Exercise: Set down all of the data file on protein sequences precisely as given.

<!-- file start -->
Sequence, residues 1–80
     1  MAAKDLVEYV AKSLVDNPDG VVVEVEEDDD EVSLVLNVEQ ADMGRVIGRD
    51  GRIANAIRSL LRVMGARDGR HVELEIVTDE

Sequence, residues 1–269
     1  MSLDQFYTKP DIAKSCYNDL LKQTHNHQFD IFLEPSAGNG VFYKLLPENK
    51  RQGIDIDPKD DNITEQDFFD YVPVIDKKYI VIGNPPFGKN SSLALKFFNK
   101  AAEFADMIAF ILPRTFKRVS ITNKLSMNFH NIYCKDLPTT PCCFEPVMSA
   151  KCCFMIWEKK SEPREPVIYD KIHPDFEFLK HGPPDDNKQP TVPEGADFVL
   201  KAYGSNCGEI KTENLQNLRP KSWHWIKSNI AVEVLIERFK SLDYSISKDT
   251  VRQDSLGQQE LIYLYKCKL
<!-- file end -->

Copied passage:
Sequence, residues 1–80
     1  MAAKDLVEYV AKSLVDNPDG VVVEVEEDDD EVSLVLNVEQ ADMGRVIGRD
    51  GRIANAIRSL LRVMGARDGR HVELEIVTDE

Sequence, residues 1–269
     1  MSLDQFYTKP DIAKSCYNDL LKQTHNHQFD IFLEPSAGNG VFYKLLPENK
    51  RQGIDIDPKD DNITEQDFFD YVPVIDKKYI VIGNPPFGKN SSLALKFFNK
   101  AAEFADMIAF ILPRTFKRVS ITNKLSMNFH NIYCKDLPTT PCCFEPVMSA
   151  KCCFMIWEKK SEPREPVIYD KIHPDFEFLK HGPPDDNKQP TVPEGADFVL
   201  KAYGSNCGEI KTENLQNLRP KSWHWIKSNI AVEVLIERFK SLDYSISKDT
   251  VRQDSLGQQE LIYLYKCKL